Union dues pins: Time for a comeback

By Brad Sigal

Last month, AFSCME 3800 gave out union pins and mugs to our members. We encourage you to wear your pin at work! It may feel small but it’s an important display of our collective presence in the workplace.
We didn’t make this idea up -   union pins have a long history. If  you Google “    union dues pin” you’ll find lots of colorful old pins. Before labor laws recognized union rights in the 1930s, employers rarely recognized unions as legitimate. Unions were on their own. Leaders had to go to each member every month and collect their union dues. When workers paid their dues, they’d get their pin to proudly show they were paid up. The number of members wearing the pins showed the boss how strong the union was.

In the 1930s, with the Great Depression and a strike wave shutting down key industries to demand basic workers’ rights, the government was pressured to pass laws that forced employers to recognize and negotiate with unions. Thus started the widespread practice of “dues check off” - employers deducting union dues out of workers’ paychecks and giving that money to the union. This was an important union victory, giving unions financial stability and considerably less work to collect members’ dues each month.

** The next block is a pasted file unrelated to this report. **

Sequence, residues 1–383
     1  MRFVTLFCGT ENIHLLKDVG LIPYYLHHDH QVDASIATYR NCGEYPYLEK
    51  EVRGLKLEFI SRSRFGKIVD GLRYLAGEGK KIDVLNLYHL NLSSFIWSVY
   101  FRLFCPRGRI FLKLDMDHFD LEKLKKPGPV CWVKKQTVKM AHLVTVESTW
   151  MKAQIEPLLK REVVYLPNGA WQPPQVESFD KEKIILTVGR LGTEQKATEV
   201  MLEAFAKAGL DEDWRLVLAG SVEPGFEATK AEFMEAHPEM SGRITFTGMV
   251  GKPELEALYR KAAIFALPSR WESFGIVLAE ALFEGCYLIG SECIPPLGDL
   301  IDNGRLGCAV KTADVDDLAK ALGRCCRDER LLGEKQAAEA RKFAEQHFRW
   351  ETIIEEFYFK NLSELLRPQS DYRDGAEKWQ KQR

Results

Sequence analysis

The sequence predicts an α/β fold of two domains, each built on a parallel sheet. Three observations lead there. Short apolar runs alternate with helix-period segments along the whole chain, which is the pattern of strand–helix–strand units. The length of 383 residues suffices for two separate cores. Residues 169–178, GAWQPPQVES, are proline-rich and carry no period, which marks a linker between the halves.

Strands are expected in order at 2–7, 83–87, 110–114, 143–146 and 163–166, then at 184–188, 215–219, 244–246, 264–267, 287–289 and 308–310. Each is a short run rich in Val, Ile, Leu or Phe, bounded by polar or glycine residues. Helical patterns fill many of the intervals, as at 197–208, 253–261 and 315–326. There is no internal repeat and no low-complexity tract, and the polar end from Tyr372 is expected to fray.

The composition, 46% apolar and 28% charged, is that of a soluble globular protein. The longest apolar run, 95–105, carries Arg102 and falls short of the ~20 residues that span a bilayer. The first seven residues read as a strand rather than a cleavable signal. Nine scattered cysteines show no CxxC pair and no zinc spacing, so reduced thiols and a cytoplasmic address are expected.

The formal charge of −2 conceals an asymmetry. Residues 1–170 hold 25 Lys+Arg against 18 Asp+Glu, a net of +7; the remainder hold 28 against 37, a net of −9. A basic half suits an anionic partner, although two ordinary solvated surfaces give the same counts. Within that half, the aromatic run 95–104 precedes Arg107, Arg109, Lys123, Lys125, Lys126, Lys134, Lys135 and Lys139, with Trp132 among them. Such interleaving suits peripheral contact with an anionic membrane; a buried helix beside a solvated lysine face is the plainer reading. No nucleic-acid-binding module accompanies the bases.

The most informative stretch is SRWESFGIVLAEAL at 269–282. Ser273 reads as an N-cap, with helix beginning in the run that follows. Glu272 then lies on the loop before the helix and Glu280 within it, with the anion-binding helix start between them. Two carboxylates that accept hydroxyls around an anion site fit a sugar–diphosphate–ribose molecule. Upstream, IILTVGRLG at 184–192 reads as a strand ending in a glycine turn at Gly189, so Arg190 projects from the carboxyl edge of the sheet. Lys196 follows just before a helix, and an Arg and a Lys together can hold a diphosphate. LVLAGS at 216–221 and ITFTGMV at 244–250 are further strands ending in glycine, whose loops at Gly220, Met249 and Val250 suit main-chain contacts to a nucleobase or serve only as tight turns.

With these changes union dues pins became a thing of the past, but something more than a pin was lost.

The simple act of union reps talking to each member monthly kept union leaders in touch with the daily concerns of rank and file workers.

Employers and the government never wanted to recognize unions; they only did when the economy was in danger of collapse and workers were striking and making it impossible to continue business as usual. So ever since the gains made in the 1930s, union rights have been chipped away bit by bit by legislation and court rulings. From the 1947 Taft-Hartley Act to this summer’s Supreme Court ruling Janus v. AFSCME, the gains won by unions and workers in the 1930s have kept decreasing.

With today’s anti-union President and Congress and an increasingly anti-union Supreme Court poised to make more anti-union rulings, union survival and advance means getting back to basics. Our union is only as strong as each one of us makes it. Our power is based in our presence and solidarity in the workplace.

Even as the government tries to take us back to the days when unions and workers rights were not recognized, our member pin recalls the courage and solidarity workers showed when they organized unions without laws to protect them. It reminds us that our power comes from having conversations with each other about our conditions at work, in our neighborhoods, and in our country, then joining together to fight for something better.

A union pin might be small, but it represents a long history of workers like us who stood up against all odds to improve working people’s lives. We hope you’ll wear your AFSCME 3800 member pin at work as a badge of pride and a display of solidarity!

If you haven’t gotten your pin or solidarity mug yet, email afscme3800@gmail.com.